Changes in top speed
Another source of useful information is examining changes in top speed. Though anyone with small children knows they can run deceptively fast, teenagers are still much swifter than two year-olds.
In this study, 16 year olds were able to reach a maximum running speed of 26 kilometers per hour (3:45 per mile), while two year-olds and 10 year-olds were able to reach six (16:20 per mile) and 20 kilometers per hour (4:50 per mile), respectively. As it turns out, this increase in speed comes almost entirely from increases in stride length.
When running at top speed, 16-year-olds and two year-olds have essentially the same stride frequency!
When running at slow to moderate speeds, stride frequency increases in tandem with stride length to produce faster paces, but perhaps the term “turnover” is a misnomer. To significantly increase your speed, a high stride frequency does not appear to be a limiting factor; stride length is.
The results of Schepens, Willems, and Cavagna’s research demonstrates two important points.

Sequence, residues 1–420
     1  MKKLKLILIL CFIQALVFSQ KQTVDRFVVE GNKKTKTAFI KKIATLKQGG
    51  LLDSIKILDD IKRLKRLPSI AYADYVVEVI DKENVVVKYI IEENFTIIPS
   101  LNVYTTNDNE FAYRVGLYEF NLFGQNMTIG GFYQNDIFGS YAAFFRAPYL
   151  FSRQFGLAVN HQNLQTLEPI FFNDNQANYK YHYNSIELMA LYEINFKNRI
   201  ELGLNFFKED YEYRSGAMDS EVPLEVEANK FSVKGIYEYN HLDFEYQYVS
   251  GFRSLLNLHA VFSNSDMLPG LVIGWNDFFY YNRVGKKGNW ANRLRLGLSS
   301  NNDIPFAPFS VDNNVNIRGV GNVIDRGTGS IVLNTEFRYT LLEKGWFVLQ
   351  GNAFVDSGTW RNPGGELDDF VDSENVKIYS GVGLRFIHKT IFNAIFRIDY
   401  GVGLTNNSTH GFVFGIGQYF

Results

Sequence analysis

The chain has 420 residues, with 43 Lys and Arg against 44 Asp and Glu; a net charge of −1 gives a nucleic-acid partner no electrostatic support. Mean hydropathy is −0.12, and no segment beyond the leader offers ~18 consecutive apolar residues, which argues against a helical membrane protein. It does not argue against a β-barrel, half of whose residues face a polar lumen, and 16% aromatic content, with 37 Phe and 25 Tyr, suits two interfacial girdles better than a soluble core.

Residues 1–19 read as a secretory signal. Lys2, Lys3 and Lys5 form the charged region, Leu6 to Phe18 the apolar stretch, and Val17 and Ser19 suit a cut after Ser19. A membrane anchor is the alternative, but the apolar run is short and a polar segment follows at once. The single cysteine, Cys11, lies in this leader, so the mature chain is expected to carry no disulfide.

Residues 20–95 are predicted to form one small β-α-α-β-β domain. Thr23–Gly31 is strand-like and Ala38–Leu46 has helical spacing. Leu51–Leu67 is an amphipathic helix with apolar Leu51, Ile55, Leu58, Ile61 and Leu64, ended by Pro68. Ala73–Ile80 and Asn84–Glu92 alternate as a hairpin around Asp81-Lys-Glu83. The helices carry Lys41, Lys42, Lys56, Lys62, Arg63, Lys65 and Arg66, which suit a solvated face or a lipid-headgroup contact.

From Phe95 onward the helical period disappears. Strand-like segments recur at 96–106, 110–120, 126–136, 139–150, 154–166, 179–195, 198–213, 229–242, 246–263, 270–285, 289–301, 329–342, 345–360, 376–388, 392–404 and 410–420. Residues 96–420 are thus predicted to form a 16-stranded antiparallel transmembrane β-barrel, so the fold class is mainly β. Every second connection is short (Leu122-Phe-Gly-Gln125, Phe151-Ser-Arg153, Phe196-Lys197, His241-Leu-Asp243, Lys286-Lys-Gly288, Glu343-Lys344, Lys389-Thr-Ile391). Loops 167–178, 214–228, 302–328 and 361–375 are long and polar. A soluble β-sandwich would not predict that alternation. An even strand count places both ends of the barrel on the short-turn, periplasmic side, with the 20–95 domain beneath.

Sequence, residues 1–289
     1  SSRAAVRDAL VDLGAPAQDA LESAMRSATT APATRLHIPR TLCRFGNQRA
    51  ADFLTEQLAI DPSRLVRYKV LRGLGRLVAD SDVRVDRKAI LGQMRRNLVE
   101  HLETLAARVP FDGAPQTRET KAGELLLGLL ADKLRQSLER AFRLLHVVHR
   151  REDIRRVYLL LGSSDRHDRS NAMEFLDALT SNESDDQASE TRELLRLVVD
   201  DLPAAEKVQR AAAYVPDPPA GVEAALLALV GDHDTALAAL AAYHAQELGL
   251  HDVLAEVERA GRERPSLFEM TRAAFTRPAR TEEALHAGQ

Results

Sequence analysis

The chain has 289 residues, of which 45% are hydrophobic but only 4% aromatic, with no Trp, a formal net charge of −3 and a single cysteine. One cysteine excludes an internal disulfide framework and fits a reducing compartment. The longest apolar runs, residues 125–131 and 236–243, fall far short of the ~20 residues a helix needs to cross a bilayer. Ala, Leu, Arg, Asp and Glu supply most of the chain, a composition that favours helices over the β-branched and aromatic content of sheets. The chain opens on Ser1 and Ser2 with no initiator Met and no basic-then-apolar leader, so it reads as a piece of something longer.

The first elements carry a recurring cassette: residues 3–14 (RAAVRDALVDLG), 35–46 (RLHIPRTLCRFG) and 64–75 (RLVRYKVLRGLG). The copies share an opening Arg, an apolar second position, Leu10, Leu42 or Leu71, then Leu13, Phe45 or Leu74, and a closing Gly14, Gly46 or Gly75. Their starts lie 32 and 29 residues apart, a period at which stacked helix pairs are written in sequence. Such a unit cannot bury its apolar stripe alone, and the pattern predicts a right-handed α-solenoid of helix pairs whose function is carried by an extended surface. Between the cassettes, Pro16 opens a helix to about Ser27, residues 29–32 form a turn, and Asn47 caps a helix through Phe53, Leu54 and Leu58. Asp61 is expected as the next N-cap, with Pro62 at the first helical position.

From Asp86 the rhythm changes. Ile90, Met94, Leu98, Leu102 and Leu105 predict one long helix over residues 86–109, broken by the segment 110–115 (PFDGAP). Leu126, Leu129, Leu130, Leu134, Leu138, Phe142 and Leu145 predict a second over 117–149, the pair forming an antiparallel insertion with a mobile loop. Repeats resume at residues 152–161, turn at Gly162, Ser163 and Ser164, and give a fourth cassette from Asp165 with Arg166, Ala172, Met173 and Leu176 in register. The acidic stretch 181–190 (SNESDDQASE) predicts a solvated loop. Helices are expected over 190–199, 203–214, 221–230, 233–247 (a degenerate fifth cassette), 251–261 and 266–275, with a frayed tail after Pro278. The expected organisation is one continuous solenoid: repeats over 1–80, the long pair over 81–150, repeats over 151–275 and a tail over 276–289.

- There is a marked change in running mechanics that occurs around 8:45 mile pace. Speeds slower than this involve a smooth and symmetric stride, where the “up” portion lasts just as long as the “down” portion. Running faster than this demands an asymmetric stride, with a more rapid and explosive foot contact, and a greater relative proportion of the stride spent in the air. Because this is gravity-dependent, this speed is the same no matter how tall you are or how much you weigh! This might also explain why so many runners get hung up at the four-hour barrier in marathon running—that speed is just a bit slower than this running-mechanics threshold.
- This research shows that having a high enough stride frequency is not typically a limiting factor when it comes to how fast you can run. Even a two-year-old can turn over his or her legs just as fast as you! The difference is in stride length. To run faster, you should work on developing powerful leg muscles, particularly in the hip extensors.
Strength exercises like lunges and squats are great for this, as are plyometric exercises like bounding and skipping, and fast uphill running (make sure you read our guide on how to run hills correctly).
Picking through dense biomechanics papers like this is not always easy, but as you just read, it can lead to some surprising and useful discoveries!
When was the first time you realized you need to pay attention to your running form? How do you make sure you continue to find joy in running?